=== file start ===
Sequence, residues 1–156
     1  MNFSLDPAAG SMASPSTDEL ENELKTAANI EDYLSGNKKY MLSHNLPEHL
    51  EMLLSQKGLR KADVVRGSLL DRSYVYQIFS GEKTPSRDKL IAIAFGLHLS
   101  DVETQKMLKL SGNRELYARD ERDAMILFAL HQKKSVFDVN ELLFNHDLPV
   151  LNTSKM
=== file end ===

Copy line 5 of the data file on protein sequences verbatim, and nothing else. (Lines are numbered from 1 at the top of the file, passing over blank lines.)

   151  LNTSKM